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Women’s Basketball Gamer: Jaeschke propels Wildcats to weekend wins

Sarah Kuta

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At the start of her third season in Evanston, Amy Jaeschke has never been prouder to be a Northwestern basketball player. The Wildcats are currently undefeated after three games and there is already a buzz surrounding the team.

“We’ve struggled in the past couple of years, but just these three wins – it’s a totally different team,” Jaeschke. “It’s just such a positive atmosphere that it’s great to be part of the team right now.”

NU (3-0) trounced SIU-Edwardsville (2-3) 68-37 on Friday and followed that with a 78-58 victory over IPFW (2-2) on Sunday. This start is the Cats’ best since the 2006-07 season.Jaeschke led the Cats against the Cougars, posting her first double-double of the season with 16 points and 15 rebounds. The junior center tied a career-best with nine blocks, while freshman center Dannielle Diamant also helped pace NU with 17 points and 10 rebounds.

NU’s defense held SIUE scoreless for a five-minute stretch in the first half and limited the Cougars inside, allowing just one basket in the paint and 14 total points. After intermission, the Cats outscored the Cougars 38-23 and connected on 16-of-19 free throws.

While NU had a clear size advantage, Jaeschke said the Cats can use the experience of playing against players who are faster and more physical to prepare for the regular season.

“We’re going to be playing against really athletic bigs in the Big Ten,” said the 6-foot-5 center, who was named co-Big Ten Player of the Week for her efforts. “They’re going to be able to take us off the dribble so if we can learn to play defense against these smaller players, when we go against athletic Big Ten players, we’ll be able to stop them, too.”

Jaeschke led the Cats again on Sunday against IPFW with 18 points, nine rebounds and five blocks. Freshman forward Kendall Hackney added 12 points and seven rebounds.Hackney knocked down the first of NU’s six 3-pointers in the first half. Though the Cats connected on only 10 percent of their shots from beyond the arc in the second half, McKeown said he plans to incorporate the Cats’ outside skill into his offensive tactics for the regular season.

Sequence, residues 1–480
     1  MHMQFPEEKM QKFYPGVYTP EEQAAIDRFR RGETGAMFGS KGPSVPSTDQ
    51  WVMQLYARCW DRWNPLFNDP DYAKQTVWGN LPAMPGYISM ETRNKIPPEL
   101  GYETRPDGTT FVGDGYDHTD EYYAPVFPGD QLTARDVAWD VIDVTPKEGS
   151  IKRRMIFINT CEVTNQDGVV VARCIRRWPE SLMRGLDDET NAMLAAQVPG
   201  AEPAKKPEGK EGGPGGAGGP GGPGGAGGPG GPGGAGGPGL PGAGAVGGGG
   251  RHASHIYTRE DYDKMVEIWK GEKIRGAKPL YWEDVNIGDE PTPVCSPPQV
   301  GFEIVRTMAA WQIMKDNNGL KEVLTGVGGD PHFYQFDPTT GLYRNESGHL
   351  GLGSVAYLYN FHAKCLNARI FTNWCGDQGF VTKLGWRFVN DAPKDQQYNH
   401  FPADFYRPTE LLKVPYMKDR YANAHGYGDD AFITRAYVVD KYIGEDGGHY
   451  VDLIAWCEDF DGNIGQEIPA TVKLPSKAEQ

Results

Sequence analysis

“We did what we had to do,” McKeown said. “IPFW forced us to shoot the ball from the perimeter. It’s good for us. We have to learn how to do deal with that because it’s going to happen again and again.”

The Cats’ defense held the Mastodons to just 14 points in the paint and forced 18 turnovers. Hackney attributed the defensive success to a bigger back court. With a taller team, traps are more effective at running down the shot clock and pressuring teams to take quick shots.

Against SIUE, the Cats committed 24 turnovers. NU reduced that number to 15 in the win over IPFW, but both figures concerned McKeown with ranked teams on the horizon.

“We’re getting a little antsy,” Hackney said. “A lot of the underclassmen aren’t as used to the tempo. We’re just trying to get caught up and relax because we know we can take care of the ball.”

Though McKeown said the Cats definitely have to reduce the number of “self-inflicted wounds” if they hope to be a factor in the Big Ten, his players benefitted from the winning atmosphere on campus this weekend.

“Just being at Northwestern right now (is exciting),” he said. “People are talking about our student athletes. There’s just a little more excitement about it.”sarahkuta2012@u.northwestern.edu

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